Herod the Great

(c. 73—4 bc)

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son of the Idumaean Antipater, was through him made governor of Galilee in 47 bc and then, with his brother, designated tetrarch by Mark Antony. Herod escaped the Parthian invasion of 40, and, while the Parthian nominee, the Hasmonean prince Antigonus, occupied the throne, Herod was declared king of Judaea by Antony and the senate. In 37, having married Mariamme, granddaughter to both of the feuding Hasmoneans, Hyrcanus and Aristobulus, Herod took Jerusalem, with the assistance of Gaius Sosius. Octavian (the future Augustus), whom Herod supported at the battle of Actium, confirmed his rule, adding a number of cities. In 23, Herod received territories north-east of the Sea of Galilee—Trachonitis, Batanea, and Auranitis. Herod's rule meant that the kingship and high priesthood were now again separate in Judaea, though the latter was in the king's gift: he promoted a new high priestly class, centred on a handful of diaspora families, who thus acquired great wealth and standing. The palace élite, of mixed ethnic affiliation, also grew. Herod was an able administrator and a skilful financier. He taxed the country heavily, but also developed its resources, to which end his artificial harbour at Caesarea contributed. Spectacular building projects were a hallmark of his reign, including the rebuilding of Samaria as Sebaste, a characteristic string of fortress-palaces, most notably Masada, and Herodium, also his burial place. Jerusalem acquired an amphitheatre as well as a theatre, whose decorations aroused the suspicion of some Jews. But his greatest undertaking, the rebuilding of the Temple, was left entirely to priests, to preserve purity. There, offence was given by a golden eagle put over the gate at the very end of his reign, a time when tensions with the Pharisees, earlier his friends, were running high. Lavish donations outside Palestine established Herod as a benefactor on an empire-wide scale, as well as a flamboyant philhellene; the Olympian games and the city of Athens were among the beneficiaries. Through his personal good offices, his visits to Rome, and the mediation of Nicolaus and of Marcus Agrippa, Herod long retained Augustus' confidence. He may have been exempt from tribute. But, in 9 bc, an unauthorized war against the Nabataeans incurred imperial displeasure. Also increasingly unacceptable was his savagery towards the large family produced by his ten wives: intrigues led him to execute his favourite, Mariamme I, in 29, her two sons in 7, and his eldest son and expected their a few days before his death. Serious disturbances then allowed Roman intervention, and the division of his kingdom between his remaining sons, Herod Antipas, Archelaus, and Philip, was formalized.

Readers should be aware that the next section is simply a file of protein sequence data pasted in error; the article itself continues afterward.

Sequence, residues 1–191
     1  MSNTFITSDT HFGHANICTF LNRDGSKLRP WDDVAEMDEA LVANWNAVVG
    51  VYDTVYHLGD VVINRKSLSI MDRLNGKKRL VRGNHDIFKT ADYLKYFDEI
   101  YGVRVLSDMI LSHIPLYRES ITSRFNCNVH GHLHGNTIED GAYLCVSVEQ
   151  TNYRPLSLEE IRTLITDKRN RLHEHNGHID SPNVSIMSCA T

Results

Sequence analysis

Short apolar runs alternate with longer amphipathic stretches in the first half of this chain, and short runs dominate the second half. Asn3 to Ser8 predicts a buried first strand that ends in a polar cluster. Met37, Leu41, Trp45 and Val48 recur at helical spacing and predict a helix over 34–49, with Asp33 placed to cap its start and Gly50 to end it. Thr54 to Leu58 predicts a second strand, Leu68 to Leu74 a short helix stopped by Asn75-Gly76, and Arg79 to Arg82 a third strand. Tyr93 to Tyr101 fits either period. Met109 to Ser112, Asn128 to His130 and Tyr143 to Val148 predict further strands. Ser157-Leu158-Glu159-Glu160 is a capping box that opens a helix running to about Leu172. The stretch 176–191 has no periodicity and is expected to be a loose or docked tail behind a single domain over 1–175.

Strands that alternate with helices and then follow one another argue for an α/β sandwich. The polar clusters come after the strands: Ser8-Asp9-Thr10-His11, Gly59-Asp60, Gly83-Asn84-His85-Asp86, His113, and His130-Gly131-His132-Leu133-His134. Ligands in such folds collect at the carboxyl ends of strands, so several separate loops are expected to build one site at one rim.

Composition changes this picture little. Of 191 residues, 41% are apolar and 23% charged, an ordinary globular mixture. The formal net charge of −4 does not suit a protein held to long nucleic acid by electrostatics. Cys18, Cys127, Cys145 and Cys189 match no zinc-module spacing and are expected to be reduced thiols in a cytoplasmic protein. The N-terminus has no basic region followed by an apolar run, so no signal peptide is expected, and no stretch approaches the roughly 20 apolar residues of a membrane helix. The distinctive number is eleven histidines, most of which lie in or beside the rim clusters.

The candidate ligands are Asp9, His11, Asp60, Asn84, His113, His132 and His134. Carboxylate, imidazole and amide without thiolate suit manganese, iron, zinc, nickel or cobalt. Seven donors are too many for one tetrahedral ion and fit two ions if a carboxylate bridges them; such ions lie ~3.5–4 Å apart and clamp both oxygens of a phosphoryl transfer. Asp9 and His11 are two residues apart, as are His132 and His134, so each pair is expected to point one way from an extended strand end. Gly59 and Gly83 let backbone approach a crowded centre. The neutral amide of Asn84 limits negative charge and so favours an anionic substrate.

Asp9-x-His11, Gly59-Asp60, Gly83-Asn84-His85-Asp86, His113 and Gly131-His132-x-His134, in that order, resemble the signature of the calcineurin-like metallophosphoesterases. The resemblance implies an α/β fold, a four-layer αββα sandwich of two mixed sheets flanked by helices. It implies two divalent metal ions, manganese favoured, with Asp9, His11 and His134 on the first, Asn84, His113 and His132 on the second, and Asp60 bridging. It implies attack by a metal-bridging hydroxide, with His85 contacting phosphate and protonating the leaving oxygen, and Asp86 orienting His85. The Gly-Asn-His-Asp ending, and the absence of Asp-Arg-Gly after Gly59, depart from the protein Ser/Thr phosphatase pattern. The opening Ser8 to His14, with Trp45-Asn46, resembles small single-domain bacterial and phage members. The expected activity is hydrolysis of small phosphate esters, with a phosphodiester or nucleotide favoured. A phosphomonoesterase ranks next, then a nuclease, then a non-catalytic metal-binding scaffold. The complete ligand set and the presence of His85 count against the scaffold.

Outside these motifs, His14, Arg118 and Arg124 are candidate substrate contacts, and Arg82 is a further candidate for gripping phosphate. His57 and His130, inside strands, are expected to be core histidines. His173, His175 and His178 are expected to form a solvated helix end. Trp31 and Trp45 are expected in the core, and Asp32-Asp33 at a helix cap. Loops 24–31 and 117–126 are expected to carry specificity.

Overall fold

Tessa Rajak

Subjects: Classical Studies.

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